What’s in a Name?

Peggy Wynne Borgman

For years, we had a department at Preston Wynne we called “housekeeping.” I don’t know why or how this name was chosen, because I remember that at first we called the folks who did this job “spa attendants.”

It was difficult to find Housekeepers, thought we did have one person who was with us in this position for almost ten years. She was, remarkably, the only one who really “stuck.” I’ll call her Jackie. Every time I saw Jackie and asked her how she was, she answered me exactly the same way, “Working hard,” she’d groan, sometimes with a rueful little smile.

Jackie systematically hazed every new housekeeper we hired. Invariably, the newbie would come crying to a member of management, describing her cruel treatment. Jackie was afraid that the energetic newcomer might show her up and prove to us that she wasn’t actually “working hard” after all.

Invariably, Jackie would be written up and disciplined. Over and over again. She was often successful in getting others to quit, and drove away virtually everyone we hired. Especially the energetic, upbeat ones. They were punished soundly.

When a new manager marveled that we tolerated her bad attitude and poor work, I explained, “It’s hard to find housekeepers!” Of the constant skirmishes with coworkers on the Housekeeping team, we’d say “they’re like children.” With this team, forget best practices–our management style was parental. “That’s just how they are,” we told ourselves.

Meanwhile, Jackie played up her victim status to our therapists. She also did special favors for the therapists she learned would give her tips. They were convinced that she was the hardest working, most underappreciated human being on the planet. Meanwhile, her personnel file grew fatter and fatter with the notes on meetings, coachings and interventions. It was ludicrous.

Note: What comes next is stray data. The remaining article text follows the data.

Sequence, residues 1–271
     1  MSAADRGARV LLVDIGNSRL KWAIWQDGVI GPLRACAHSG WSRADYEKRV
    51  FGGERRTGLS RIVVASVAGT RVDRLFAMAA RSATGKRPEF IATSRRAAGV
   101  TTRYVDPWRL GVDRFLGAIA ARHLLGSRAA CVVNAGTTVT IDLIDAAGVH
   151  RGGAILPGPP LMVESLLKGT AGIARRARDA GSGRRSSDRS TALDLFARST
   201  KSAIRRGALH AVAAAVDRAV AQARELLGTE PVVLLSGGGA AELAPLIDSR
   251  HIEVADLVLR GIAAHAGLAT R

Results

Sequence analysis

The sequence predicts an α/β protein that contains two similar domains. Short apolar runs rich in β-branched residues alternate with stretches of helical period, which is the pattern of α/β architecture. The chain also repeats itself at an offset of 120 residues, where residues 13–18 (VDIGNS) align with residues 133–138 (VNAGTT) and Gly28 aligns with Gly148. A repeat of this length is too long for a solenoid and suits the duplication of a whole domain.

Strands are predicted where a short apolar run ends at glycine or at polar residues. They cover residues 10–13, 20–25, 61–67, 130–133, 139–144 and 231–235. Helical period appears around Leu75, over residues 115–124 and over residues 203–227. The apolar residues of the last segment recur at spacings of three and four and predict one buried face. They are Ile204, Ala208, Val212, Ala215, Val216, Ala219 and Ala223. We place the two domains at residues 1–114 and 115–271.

We wracked our brains wondering why Housekeeping had never risen to the level of the rest of the team. “No one has ever stayed except Jackie,” we marveled. “And look at her!”

But something happened.  One of my dear friends and trusted vendor Mariah Giunta of AcquaCures, a brilliant marketer and “namer,” suggested that we rebrand the Housekeeping Team.

“Why don’t you call them the Hospitality Team?” she suggested. “They can be your Spa Hosts.”

At the time, the suggestion sounded more poetic than practical. It was true, they did much more than washing towels, cleaning restrooms and vacuuming. They were responsible for our spa refreshments, an area of the spa experience that is fraught with Moments of Truth. They worked hand in glove with our Spa Concierges to ensure that our guests had a great spa experience. At least, they should have.

Mariah had seen something that we had failed to notice for many years. By calling them Housekeepers, we were relegating potentially talented customer service professionals to a menial, behind-the-scenes role. The job title also turned off men, who by and large do not apply for Housekeeping positions. And by accepting Jackie as the “standard” of the team, we had scared off good people who knew darned well she was not a role model and had no interest in following in her footsteps.

Getting uniforms for our Spa Hosts was one of the first actions. Not surprisingly, this threw Jackie into a tizzy. She fussed over the shirt we asked her to wear to the point where we had to call in our HR rep, and he actually went to Macy’s and bought some alternatives for Jackie’s approval.

Around about this time Jackie had to take a medical leave. And in her absence, the team suddenly flourished. A sense of pride emerged among the Spa Hosts. They looked for more ways to add value to the customer experience. They were eager to learn. I only had to show Yajaira how to trim roses once; after that, she prepared our spa bouquets with a conscientiousness that I never could have dreamed of in the “Housekeeping” days.

Our first ever “World Class Customer Service” training for Spa Hosts (I know, shame on me!) took place a couple of months ago. I was stunned to find out how smart, motivated and happy this team was, and how appreciative they were of the time spent. Suddenly I had a connection with the team that had never been there when I thought of them simply as the folks who cleaned the spa and handled the laundry.

A couple of weeks back, we took staff photographs and I took a portrait of the Hospitality Team. Their esprit de corps is visible in this shot, which I wasted no time in posting on our Facebook fan page.

This week, Esteban, the youngest team member, brought in a cake he’d baked for Nandita’s birthday. She’s our director of operations. As I enjoyed a piece of his delicious red velvet and chocolate cake at the staff break table, I realized that I was witnessing something I never thought possible: our Spa Hosts were real members of our team, not second class citizens.

What’s in a name? Quite possibly, everything.

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